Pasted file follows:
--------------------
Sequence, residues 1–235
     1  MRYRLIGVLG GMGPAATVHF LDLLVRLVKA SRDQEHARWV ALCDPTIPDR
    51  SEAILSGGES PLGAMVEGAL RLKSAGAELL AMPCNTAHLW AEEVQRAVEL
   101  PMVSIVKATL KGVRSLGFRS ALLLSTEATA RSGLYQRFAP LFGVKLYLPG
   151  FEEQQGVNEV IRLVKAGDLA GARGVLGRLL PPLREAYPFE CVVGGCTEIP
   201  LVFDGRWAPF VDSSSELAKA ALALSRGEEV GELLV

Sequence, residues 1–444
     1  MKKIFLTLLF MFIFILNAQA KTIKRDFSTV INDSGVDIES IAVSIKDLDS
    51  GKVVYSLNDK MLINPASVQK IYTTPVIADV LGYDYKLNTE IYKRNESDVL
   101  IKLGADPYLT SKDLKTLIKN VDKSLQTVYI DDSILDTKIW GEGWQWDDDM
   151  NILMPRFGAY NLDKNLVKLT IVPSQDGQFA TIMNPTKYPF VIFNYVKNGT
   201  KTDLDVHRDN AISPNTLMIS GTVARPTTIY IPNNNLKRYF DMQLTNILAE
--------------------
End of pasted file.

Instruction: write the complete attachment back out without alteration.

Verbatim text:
Sequence, residues 1–235
     1  MRYRLIGVLG GMGPAATVHF LDLLVRLVKA SRDQEHARWV ALCDPTIPDR
    51  SEAILSGGES PLGAMVEGAL RLKSAGAELL AMPCNTAHLW AEEVQRAVEL
   101  PMVSIVKATL KGVRSLGFRS ALLLSTEATA RSGLYQRFAP LFGVKLYLPG
   151  FEEQQGVNEV IRLVKAGDLA GARGVLGRLL PPLREAYPFE CVVGGCTEIP
   201  LVFDGRWAPF VDSSSELAKA ALALSRGEEV GELLV

Sequence, residues 1–444
     1  MKKIFLTLLF MFIFILNAQA KTIKRDFSTV INDSGVDIES IAVSIKDLDS
    51  GKVVYSLNDK MLINPASVQK IYTTPVIADV LGYDYKLNTE IYKRNESDVL
   101  IKLGADPYLT SKDLKTLIKN VDKSLQTVYI DDSILDTKIW GEGWQWDDDM
   151  NILMPRFGAY NLDKNLVKLT IVPSQDGQFA TIMNPTKYPF VIFNYVKNGT
   201  KTDLDVHRDN AISPNTLMIS GTVARPTTIY IPNNNLKRYF DMQLTNILAE